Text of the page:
# Homework Help: Permutation Proof

1. Jun 27, 2013

### Brandon1994

1. Prove the following identity:
Ʃ(n choose k)(m-n choose n-k) = (m choose n)
from k = 0 to k = n

I've tried induction, and just played around with a few properties of permutations, but nothing seems to satisfy the proof, any ideas?

2. Jun 27, 2013

### tiny-tim

Hi Brandon1994!

If you choose n things from m,

how many of those n will be in the first n, and how many will be in the last n-m ?

3. Jun 27, 2013

### Staff: Mentor

I would use a direct approach: Show that the left side is the number of ways to choose n elements out of a set of m elements. The sum is very intuitive if you see what it does.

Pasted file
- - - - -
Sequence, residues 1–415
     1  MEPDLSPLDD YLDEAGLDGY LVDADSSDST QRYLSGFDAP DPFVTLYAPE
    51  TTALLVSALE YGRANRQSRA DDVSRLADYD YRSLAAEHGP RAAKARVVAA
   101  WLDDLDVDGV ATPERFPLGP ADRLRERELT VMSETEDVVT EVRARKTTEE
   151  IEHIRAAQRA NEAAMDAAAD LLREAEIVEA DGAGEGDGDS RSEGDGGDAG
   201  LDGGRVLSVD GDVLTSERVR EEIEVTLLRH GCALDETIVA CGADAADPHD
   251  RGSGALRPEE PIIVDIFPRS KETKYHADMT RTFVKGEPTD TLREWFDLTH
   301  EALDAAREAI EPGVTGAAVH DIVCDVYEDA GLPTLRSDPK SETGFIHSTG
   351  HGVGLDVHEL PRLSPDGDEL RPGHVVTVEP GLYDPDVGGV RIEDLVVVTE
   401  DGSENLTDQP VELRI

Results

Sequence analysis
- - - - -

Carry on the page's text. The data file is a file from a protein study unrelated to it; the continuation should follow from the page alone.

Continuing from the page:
Edit: tiny-tim, don't make it too easy ;).

4. Jun 27, 2013

### tiny-tim

hi mfb!

i assumed he'd already tried to split the sum, and needed an extra hint

5. Jun 27, 2013

### Ray Vickson

Hint: (n choose k) is called the binomial coefficient for a good reason: it appears in the binomial expansion! Exploit that fact.